83rd Annual

Sunday, 9 February 2003
Analysis of Seasonal and Diurnal Trends in Surface Ozone Concentration at Arctic Sites (Summit/Greenland and Barrow/Alaska)
Nancy Ivette Rivera Rivera, ESE - UTEP, El Paso, TX; and D. Helmig and S. Oltmans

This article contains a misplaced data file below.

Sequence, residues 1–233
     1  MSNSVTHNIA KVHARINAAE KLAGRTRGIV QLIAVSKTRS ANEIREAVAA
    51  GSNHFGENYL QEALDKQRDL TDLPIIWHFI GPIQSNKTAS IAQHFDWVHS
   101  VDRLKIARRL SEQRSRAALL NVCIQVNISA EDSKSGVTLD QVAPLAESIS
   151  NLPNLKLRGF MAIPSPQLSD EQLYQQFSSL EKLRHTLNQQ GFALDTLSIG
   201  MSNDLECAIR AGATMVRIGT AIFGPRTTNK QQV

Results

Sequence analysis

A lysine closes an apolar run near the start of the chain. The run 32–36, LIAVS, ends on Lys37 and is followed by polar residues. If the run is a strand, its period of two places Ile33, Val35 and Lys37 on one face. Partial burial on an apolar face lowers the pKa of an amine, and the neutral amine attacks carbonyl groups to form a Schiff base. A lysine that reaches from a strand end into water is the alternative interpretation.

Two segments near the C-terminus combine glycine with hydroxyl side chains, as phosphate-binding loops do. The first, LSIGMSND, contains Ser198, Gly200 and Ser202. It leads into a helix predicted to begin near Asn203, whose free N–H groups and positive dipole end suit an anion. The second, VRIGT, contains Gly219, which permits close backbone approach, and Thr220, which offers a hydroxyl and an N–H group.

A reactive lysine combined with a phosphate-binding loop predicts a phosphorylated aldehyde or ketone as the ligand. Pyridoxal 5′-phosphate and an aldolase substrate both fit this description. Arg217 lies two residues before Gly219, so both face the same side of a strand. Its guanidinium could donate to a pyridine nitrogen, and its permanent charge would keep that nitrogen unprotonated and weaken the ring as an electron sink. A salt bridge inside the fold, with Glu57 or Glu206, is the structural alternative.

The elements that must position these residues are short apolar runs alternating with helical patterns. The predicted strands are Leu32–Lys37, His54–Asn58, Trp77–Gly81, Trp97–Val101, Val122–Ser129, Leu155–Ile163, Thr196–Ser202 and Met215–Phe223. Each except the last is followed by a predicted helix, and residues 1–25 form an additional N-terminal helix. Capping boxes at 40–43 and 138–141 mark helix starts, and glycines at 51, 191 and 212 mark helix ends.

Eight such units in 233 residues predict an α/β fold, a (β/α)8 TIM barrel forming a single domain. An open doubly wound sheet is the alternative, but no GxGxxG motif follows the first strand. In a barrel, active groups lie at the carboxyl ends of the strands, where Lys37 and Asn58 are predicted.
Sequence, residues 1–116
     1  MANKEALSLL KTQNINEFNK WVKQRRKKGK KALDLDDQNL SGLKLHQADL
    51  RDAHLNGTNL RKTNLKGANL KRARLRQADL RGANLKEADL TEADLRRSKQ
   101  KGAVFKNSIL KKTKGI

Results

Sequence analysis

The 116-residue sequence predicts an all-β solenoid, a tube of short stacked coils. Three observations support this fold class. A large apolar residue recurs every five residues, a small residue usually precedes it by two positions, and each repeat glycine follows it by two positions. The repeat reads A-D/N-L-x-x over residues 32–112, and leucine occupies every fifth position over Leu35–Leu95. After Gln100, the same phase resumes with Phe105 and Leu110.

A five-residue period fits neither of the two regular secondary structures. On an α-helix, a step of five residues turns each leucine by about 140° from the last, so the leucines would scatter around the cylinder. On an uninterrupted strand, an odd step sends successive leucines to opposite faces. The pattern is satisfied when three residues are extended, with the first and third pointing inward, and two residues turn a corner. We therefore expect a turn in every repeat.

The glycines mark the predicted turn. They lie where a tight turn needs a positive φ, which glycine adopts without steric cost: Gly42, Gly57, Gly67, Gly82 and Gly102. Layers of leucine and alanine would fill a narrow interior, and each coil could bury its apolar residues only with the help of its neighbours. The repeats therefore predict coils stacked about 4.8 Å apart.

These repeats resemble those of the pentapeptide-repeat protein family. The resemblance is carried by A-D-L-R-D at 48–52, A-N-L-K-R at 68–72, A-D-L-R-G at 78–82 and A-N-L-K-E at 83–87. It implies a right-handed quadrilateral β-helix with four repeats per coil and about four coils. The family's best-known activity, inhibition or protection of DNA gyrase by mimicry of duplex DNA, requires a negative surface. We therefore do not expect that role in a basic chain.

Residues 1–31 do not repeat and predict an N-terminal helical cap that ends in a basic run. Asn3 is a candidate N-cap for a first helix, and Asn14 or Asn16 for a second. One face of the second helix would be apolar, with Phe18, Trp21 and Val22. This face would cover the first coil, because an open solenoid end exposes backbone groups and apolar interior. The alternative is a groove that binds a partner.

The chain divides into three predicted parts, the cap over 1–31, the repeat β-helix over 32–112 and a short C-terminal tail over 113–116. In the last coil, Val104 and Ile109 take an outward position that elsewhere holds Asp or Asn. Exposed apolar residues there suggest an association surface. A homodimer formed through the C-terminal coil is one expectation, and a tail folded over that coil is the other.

Tropospheric ozone (O3) is one of the most important atmospheric constituents. It is fundamental in determining oxidation processes in the atmosphere. It also serves as a major greenhouse gas, thus playing a key role in the energy balance of the atmosphere. Some recent research has revealed springtime ozone depletion at Arctic Sites. This evidence shows that the interaction of atmospheric gases and the Polar snowpack are linked by some photochemical processes. Previous measurements made at Summit, Greenland have demonstrated that ozone is rapidly destroyed in surface snow during periods of solar irradiance. In this study, temporal and spatial changes in surface ozone from Summit, Greenland and Barrow, Alaska were studied. The goal of this project was to better understand ozone depletion and its dependence on photochemical processes in the snowpacks. The diurnal and seasonal changes in surface ozone concentration and their dependence on solar radiation and meteorological parameters were investigated. The comparison of data from Barrow and Summit gave new insight into how surface ozone is influenced by proximity to the ocean, altitude, and solar radiation. Ozone depletion during the period of polar sunrise is a consistent phenomenon at coastal locations, whereas at Summit, opposite seasonal cycles with spring maxima are observed.

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